People move to the suburbs specifically to avoid “drama.” Like it or not, there really isn’t much drama in the suburbs because people living there tend to have their lives put together well. You don’t maintain a job and mortgage by living the life of a flake and a drama queen. Yes, you can find a few exceptions–the scandalous sorts–but they stand out because they are exceptions.

#23 Comment By Charles Cosimano On October 5, 2012 @ 11:40 am

Tom Lynch, the watercolorist. A lot of his work celebrates suburban life.

The fact is that a quiet, ordered life without murders down the block or corrupt politicians is not the stuff of news, nor is it conducive to art dependant upon some sort of social angst.

What I find more interesting is that you were involved in a coverage argument that came so late. Up until the late 70s, newsrooms assumed that even though people had moved to the suburbs, they would still read and listen to stories about the city because they came from there and still had an interesting. By 1980, they were faced with the fact they had a whole generation to market to that had no experience of living in the central city and could not care less about anything that happened in it.

#24 Comment By EKS On October 5, 2012 @ 11:58 am

I don’t think that either The Corrections or the first half of The Pale King count as the bitching of creative exiles. I was surprised by the degree of empathy in both.

Raymond Carver?

#25 Comment By Franklin Evans On October 5, 2012 @ 12:10 pm

I offer from the moving-pictures realm:

The Nickelodeon production “The Adventures of Pete and Pete.”

The Graduate, but especially the Mad Magazine parody of it.


Obscure for some, perhaps: “All in the Family.”

And for some reason not based on my memories of it, but nagging me to be included: Peyton Place.


#26 Comment By Charles Cosimano On October 5, 2012 @ 12:19 pm

“had an interesting.” I need a good editor!

#27 Comment By Tyro On October 5, 2012 @ 12:35 pm

People move to the suburbs specifically to avoid “drama.” Like it or not, there really isn’t much drama in the suburbs because people living there tend to have their lives put together well

Pretty much, this. My experience growing up in the suburbs was that things “just worked.” there were no knock-down, drag out fights during the community association meetings– we didn’t have community associations (by which I mean neighborhood representative organizations, not HOAs), because the town more or less ran itself with the town government. Drama was interpersonal and kept within households rather than having problems spread to the rest of the town– eg, the drug using unemployed bipolar son who still lived at home was a burden to his parents, but the rest of the town didn’t really know he was there.

It’s not only that people in the suburbs have fewer problems. It’s that what problems exist don’t spread through the town and affect other people. That’s another reason why people move there.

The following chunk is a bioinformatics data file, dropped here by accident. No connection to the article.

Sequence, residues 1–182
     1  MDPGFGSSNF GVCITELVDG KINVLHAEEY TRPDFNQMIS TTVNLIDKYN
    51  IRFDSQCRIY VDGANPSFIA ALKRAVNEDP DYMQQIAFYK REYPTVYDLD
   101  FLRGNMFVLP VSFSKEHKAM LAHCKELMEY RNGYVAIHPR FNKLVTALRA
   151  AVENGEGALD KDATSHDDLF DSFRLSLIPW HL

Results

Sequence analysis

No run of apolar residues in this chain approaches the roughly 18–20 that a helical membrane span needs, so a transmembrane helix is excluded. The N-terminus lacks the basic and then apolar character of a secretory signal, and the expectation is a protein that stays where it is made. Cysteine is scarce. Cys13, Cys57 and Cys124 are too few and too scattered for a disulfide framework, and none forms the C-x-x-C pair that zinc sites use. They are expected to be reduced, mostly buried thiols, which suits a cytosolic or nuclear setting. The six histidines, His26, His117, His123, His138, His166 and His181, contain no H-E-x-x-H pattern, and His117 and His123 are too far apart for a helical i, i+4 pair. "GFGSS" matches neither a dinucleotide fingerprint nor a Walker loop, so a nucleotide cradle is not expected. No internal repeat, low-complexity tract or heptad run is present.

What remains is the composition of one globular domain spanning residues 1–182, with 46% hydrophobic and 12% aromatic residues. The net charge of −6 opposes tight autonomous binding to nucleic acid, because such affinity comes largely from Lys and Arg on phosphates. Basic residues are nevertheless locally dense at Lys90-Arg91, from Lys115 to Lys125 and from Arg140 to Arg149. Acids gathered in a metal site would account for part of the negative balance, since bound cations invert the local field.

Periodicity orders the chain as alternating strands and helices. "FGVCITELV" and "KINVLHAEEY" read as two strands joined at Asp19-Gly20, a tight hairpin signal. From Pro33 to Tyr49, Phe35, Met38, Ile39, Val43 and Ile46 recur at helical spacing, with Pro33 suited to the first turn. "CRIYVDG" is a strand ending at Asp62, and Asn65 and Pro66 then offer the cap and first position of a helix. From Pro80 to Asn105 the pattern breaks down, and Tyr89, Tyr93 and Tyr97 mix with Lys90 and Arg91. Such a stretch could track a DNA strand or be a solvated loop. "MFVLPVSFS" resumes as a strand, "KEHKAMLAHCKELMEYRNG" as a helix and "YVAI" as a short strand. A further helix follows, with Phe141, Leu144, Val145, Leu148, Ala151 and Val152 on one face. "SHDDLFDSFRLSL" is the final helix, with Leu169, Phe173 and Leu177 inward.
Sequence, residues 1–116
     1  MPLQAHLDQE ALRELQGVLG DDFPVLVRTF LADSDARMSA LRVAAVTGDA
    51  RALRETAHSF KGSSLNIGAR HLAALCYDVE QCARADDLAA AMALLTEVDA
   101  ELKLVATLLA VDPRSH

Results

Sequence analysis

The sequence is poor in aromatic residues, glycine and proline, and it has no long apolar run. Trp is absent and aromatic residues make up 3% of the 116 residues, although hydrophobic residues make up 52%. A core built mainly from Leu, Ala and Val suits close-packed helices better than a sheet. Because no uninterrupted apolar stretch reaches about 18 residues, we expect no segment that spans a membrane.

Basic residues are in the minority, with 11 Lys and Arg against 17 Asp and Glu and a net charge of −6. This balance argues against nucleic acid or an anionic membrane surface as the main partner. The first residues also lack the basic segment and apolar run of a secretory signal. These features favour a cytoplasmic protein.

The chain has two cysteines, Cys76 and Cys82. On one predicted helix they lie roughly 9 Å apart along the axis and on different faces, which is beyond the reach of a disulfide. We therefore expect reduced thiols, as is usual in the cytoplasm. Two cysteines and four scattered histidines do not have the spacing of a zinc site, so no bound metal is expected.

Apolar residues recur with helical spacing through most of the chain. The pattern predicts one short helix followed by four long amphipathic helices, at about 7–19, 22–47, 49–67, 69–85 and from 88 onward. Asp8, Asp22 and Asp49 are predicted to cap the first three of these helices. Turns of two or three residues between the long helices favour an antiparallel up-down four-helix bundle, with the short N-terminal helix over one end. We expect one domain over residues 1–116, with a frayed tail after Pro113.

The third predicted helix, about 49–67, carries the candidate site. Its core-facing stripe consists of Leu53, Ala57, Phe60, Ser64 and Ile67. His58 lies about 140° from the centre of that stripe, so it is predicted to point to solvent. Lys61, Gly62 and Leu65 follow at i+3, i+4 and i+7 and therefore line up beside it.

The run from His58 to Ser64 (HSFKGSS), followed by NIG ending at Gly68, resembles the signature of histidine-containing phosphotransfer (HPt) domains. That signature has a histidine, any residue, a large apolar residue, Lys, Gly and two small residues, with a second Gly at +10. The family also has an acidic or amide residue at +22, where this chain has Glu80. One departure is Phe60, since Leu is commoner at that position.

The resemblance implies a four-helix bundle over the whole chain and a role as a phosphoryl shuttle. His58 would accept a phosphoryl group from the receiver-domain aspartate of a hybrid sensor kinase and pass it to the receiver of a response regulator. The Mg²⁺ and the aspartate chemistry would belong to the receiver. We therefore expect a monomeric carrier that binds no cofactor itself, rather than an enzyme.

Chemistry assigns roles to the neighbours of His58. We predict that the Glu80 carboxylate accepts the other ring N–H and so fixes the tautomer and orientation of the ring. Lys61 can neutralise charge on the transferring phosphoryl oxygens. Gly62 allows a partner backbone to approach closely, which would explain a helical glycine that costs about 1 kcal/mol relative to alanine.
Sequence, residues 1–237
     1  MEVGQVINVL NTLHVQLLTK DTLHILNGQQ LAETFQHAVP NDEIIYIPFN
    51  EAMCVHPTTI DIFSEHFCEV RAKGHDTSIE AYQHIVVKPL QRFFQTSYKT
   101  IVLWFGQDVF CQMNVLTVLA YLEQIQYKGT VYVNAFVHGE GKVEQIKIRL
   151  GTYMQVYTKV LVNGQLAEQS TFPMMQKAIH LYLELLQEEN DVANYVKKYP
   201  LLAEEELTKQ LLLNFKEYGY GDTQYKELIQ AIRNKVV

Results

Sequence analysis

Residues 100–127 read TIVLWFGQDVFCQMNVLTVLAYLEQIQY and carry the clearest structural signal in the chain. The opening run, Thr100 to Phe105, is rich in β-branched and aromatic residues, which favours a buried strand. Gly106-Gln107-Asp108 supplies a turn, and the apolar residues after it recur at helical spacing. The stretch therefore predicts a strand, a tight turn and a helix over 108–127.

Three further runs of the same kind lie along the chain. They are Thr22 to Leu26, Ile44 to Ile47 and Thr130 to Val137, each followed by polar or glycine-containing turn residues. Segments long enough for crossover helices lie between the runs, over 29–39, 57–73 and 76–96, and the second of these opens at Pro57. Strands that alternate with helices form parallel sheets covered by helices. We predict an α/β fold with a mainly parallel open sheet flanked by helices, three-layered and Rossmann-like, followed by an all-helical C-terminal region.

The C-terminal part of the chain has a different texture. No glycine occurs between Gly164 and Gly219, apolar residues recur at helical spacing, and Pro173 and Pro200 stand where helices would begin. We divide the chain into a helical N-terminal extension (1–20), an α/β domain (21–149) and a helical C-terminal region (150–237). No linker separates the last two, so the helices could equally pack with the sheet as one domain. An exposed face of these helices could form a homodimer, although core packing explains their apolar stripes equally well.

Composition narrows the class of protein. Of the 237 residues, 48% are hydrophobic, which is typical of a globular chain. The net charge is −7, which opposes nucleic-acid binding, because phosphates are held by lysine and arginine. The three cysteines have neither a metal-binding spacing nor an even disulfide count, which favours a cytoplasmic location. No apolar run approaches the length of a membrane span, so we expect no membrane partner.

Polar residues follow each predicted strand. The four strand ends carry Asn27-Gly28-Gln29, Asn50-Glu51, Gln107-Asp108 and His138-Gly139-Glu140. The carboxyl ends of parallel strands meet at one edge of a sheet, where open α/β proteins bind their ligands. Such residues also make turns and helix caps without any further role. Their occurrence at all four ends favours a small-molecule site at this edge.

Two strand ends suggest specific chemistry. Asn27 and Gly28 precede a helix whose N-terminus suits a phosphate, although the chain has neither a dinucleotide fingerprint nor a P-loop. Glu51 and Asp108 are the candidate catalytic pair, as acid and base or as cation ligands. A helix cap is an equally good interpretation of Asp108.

What you mean as “news” in the suburbs is closer to what we call “gossip.”

#28 Comment By Sam M On October 5, 2012 @ 1:30 pm

Modest Mouse: Lonesome Crowded West.

Kanye West: College Dropout

#29 Comment By Charles Cosimano On October 5, 2012 @ 2:04 pm

I think the difference can be summed up in a column in the Chicago Tribune many years ago when the writer compared what people in the city had to go through to get a dead refrigerator disposed of compared to what the suburbanites did and how people in the suburbs would never tolerate the things people in the city would.

He concluded with the line, “People in the suburbs live on their feet. People in the city live on their knees.”

#30 Comment By Robert Loftus On October 5, 2012 @ 2:57 pm


Interesting you should comment about your comrades at DMN and their disdain of the suburbs. I’ve lived in Lakewood neighborhood of Dallas for 30 years and love it but I do not like the always present undertone of superiority of the city dwellers towards the outside of I-635’ers. It made me think of Shylock’s speech in The Merchant of Venice.
Hath not a suburbanite eyes? …..If you prick us shall we not bleed.” I never really get any sense of snobishness from people from the burbs. I think the Urban City people make up an edginess and coolness that let’s them then look the other way at the horrendous schools and sub-par city services and thus somehow
rationalize away all those high functioning services that are routine out in the Burbs.

#31 Comment By Chris On October 5, 2012 @ 3:01 pm

The Wonder Years

#32 Comment By Nathan P. On October 5, 2012 @ 4:21 pm

“Modest Mouse: Lonesome Crowded West.”
Ditto. Also Pavement: Crooked Crooked Rain.

#33 Comment By Alex Ignatiev On October 5, 2012 @ 4:44 pm

Nobody mentions weezer? The Blue album.

#34 Comment By JonF On October 5, 2012 @ 5:21 pm

Drama certainly does happen in the suburbs. when I was growing up a man in our subdivision had a psychotic breakdown and gunned down his wife in front of the grocery store. There was also a fatal house fire on the street behind me– a neighbor crippled with MS died because he could not get out.
And for sure there’s lots of domestic drama. Unhappy marriages, alcoholism and drug abuse, divorce and spouse and child battery, delinquent kids, etc. As someone else said we know a lot less about those things because nowadays no one really knows their neighbors.

#35 Comment By John E_o On October 5, 2012 @ 5:41 pm

what people in the city had to go through to get a dead refrigerator disposed of compared to what the suburbanites did

Heh – out here in the boonies, getting rid of dead refrigerators usually involves an application of Tannerite.

#36 Comment By JonF On October 5, 2012 @ 6:20 pm

Here in Baltimore to dispose of bulk items you can do two things:
1) Call the city for bulk pickup